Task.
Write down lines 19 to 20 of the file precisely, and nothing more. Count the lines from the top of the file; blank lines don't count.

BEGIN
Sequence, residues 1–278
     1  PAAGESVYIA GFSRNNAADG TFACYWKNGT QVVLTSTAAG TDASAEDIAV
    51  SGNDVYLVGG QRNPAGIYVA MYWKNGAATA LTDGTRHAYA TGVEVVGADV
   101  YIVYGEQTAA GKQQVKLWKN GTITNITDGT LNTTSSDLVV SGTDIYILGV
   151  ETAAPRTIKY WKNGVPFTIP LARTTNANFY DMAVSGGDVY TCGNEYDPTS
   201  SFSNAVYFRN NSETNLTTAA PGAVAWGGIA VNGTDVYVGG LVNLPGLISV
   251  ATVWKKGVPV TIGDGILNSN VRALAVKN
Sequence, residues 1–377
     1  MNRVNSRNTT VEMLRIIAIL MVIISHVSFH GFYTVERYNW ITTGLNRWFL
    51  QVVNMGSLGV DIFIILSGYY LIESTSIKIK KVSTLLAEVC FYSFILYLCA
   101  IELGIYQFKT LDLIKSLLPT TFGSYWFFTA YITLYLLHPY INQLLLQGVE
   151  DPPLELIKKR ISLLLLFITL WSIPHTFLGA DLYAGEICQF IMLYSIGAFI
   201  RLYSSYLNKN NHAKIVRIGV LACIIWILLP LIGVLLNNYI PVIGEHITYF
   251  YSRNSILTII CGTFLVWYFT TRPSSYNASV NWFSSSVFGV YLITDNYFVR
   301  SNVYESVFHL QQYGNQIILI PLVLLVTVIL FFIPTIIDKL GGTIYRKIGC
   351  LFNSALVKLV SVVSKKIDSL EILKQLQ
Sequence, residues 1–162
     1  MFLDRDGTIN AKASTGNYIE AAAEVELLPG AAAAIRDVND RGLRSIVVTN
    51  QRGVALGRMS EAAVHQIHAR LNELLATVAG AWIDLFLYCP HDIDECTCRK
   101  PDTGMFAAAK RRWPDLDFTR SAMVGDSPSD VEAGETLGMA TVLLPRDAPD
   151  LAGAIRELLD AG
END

    51  QRGVALGRMS EAAVHQIHAR LNELLATVAG AWIDLFLYCP HDIDECTCRK
   101  PDTGMFAAAK RRWPDLDFTR SAMVGDSPSD VEAGETLGMA TVLLPRDAPD